Index Home About Blog
Date: 	Mon, 15 May 2000 11:53:34 -0700 (PDT)
From: Linus Torvalds <>
Subject: Re: Proposal: int (permission*)(struct dentry *, int)
Newsgroups: fa.linux.kernel

On Mon, 15 May 2000, Brent Callaghan wrote:
> >  there are some really good reasons for using dentries: a _sane_ network
> > filesystem will do everything based on an explicit pathname, and this
> > "filehandle" crap that NFS uses is only another breakage of NFS (and
> > traditional UNIX's inability to handle pathnames during IO).
> I don't want to belabor the point, but I think you're questioning
> the sanity not just of NFS, but also of AFS and CIFS.  They
> all use a filehandle or "fid" of some kind to identify a file
> on the server.  


> Why is insane ?

Because of the "stale filehandle" issue.

Note that I don't think it is bad to use a "transaction handle": a
filesystem that has a concept of leases on files (which both AFS and CIFS
have), obviously need such a handle anyway to keep track of the lease. And
such a transaction handle will obviously also specify which file in
question we have, and thus it would be silly to send both a pathname and a
transaction handle in a request.

Such a transaction handle also protects against the horrible confusion
generated by concurrent accesses by multiple clients: the server knows who
accesses the file, and can revoke access etc gracefully, so that you never
get truly confused.

But any filesystem that is stateless like NFS, or where leases expire
(like everybody else) should definitely at least have the ability to
re-send the whole pathname from the client when re-activating the lease,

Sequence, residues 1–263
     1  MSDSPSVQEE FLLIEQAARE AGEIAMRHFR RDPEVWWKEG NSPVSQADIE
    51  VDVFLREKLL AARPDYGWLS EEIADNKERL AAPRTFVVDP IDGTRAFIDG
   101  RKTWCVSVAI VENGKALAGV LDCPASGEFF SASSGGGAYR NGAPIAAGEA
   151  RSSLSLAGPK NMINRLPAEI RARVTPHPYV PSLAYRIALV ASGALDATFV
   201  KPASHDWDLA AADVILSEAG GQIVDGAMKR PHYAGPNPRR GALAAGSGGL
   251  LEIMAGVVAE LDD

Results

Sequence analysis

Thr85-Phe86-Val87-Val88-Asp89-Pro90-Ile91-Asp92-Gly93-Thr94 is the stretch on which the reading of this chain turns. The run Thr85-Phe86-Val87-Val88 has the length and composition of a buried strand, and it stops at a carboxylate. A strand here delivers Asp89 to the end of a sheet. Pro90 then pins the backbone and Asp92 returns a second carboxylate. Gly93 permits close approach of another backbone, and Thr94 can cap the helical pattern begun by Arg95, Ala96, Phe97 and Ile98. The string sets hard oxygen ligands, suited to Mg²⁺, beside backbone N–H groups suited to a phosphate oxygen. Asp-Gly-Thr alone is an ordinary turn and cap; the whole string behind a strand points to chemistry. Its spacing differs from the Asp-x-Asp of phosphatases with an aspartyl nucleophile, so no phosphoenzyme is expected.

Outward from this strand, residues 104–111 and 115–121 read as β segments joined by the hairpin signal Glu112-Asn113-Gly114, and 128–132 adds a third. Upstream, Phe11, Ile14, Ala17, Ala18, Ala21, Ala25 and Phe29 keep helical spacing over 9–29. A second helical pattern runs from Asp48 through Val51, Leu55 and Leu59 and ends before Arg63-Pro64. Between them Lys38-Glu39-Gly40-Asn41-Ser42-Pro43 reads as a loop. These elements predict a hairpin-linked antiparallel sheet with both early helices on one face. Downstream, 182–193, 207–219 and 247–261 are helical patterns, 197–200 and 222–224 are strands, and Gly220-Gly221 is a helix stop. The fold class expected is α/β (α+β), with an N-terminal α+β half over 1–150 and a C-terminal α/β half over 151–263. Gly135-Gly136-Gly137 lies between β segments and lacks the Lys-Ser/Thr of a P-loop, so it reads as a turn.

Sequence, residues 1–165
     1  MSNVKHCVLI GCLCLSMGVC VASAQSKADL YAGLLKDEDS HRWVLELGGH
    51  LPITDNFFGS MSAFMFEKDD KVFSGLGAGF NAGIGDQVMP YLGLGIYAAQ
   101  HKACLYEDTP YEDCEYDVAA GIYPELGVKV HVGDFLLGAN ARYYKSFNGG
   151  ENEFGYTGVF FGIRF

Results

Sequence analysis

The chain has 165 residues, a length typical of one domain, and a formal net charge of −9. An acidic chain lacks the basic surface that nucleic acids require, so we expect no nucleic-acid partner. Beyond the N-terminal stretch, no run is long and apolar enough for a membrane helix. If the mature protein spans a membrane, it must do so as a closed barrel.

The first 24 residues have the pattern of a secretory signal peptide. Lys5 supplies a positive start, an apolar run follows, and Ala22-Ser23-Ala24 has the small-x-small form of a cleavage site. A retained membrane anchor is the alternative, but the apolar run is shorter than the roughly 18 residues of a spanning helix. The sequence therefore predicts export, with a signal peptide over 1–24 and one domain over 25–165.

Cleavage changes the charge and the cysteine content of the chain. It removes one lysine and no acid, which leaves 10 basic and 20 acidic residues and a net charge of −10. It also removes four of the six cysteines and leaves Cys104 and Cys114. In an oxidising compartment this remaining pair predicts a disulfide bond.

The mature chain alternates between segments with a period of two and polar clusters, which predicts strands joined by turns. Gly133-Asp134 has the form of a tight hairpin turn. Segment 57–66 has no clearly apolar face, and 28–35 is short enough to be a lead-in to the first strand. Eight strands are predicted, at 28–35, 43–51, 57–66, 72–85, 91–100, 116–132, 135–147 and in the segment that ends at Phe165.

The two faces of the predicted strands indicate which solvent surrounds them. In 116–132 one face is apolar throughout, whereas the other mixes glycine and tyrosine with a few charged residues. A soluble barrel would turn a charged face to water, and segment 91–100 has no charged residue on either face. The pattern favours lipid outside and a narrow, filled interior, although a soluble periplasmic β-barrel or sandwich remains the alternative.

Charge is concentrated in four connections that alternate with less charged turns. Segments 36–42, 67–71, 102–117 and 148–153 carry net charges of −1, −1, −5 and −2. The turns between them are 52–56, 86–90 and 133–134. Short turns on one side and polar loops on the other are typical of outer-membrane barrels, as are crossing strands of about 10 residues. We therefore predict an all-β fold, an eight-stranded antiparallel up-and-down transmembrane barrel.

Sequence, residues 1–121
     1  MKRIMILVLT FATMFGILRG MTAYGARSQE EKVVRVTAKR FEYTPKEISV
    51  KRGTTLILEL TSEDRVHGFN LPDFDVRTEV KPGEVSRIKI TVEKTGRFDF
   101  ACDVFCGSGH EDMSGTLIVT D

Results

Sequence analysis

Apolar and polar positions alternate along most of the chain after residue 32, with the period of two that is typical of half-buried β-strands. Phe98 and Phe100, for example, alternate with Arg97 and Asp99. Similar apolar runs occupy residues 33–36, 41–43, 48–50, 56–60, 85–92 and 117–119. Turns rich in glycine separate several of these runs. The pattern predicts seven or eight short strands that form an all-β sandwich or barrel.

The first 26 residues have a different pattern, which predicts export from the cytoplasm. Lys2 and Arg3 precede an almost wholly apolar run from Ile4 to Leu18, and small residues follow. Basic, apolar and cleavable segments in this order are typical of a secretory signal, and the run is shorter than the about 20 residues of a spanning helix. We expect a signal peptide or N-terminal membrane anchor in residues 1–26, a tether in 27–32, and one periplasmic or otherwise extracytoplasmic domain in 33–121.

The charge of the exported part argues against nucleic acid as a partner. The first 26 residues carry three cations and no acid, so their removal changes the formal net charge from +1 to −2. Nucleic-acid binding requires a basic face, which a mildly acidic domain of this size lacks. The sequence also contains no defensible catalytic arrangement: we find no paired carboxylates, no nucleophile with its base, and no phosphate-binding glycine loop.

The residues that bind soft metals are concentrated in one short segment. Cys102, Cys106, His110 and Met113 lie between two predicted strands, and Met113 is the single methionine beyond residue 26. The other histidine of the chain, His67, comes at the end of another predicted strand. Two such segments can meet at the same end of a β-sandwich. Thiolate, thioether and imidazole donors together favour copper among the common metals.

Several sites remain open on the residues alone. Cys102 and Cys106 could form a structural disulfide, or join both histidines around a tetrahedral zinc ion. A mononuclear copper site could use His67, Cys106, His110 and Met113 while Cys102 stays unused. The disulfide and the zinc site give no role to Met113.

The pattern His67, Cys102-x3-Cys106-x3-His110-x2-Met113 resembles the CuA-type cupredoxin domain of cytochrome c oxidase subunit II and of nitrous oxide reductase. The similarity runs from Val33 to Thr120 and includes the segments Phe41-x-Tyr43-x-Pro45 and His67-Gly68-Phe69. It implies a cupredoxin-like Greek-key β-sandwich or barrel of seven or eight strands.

instead of using that silly notion of a "file handle" that can expire and
generate the whole notion of "stale filehandle".

If the file has gone away, the filesystem should just say so. "No such
file or directory" is a perfectly good return value from a file server,
and is very non-confusing when the user has tried to write to a file that
somebody else moved from another client. You can explain it to the casual
computer user, and he will understand it. He will realize that it was the
users actions that caused it.

Contrast this to the silly stuff a good NFS server has to do in order to
avoid the notion of stale filehandles after a reboot. That's just not
right. And it's fundamentally because it doesn't think pathnames are

That said, pathnames are _hard_ to maintain in a traditional UNIX
environment. I understand completely why people like filehandles etc. It
simplifies the UNIX client a lot (and the traditional unix server too, if
the server is truly unix-based and it uses a regular "inode number" kind
of format).

But while it may be the simple approach, it is definitely not a good
design. We could have had much simpler filesystems without state if we
just used a pathname. Somewhat like SMB (which is a bad filesystem too,
but for _other_ reasons ;)


Date: 	Mon, 15 May 2000 13:01:54 -0700 (PDT)
From: Linus Torvalds <>
Subject: Re: Proposal: int (permission*)(struct dentry *, int)
Newsgroups: fa.linux.kernel

On Mon, 15 May 2000, Alan Cox wrote:
> > In summary: filehandles are useful at the protocol level, but it's
> > good for clients to retain pathnames if they need to recover
> > filehandles.
> How do you know the recovered pathname is the same file ?

Don't expect UNIX semantics from a networked filesystem.

Instead, expect _sane_ semantics. The same way you have to do magic things
for NFS locking if you're a mail client that wants to handle atomicity, a
networked filesystem doesn't have to try to maintain exact UNIX behaviour. 

A sane definition of "same file" over a network is, after all, "same
naming". What more is there?

If you're thinking "same inode", then you're not thinking about a
networked filesystem. You're thinking about a distributed UNIX filesystem.
Which is a different thing.

To get "same file" semantics, you acquire a lease on the file. There's no
question about that. But that is an issue that has nothing at all to do
with the _name_ of the file, whether that be a ASCII pathname or a
"filehandle". Understand that. A "lease" on a file is a real thing, and
gives you the guarantees you want - and has absolutely nothing to do with


Index Home About Blog